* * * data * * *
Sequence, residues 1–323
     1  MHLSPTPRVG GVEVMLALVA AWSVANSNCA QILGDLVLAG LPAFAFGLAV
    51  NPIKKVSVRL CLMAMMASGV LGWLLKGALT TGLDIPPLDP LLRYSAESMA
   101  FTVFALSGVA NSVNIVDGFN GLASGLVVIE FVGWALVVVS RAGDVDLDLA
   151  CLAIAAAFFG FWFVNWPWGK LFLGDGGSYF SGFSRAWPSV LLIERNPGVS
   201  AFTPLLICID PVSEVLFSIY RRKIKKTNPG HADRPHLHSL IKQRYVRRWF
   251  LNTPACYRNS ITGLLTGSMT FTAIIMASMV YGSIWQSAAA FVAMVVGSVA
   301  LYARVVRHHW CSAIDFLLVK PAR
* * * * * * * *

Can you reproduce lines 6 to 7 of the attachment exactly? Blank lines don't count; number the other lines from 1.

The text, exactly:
   201  AFTPLLICID PVSEVLFSIY RRKIKKTNPG HADRPHLHSL IKQRYVRRWF
   251  LNTPACYRNS ITGLLTGSMT FTAIIMASMV YGSIWQSAAA FVAMVVGSVA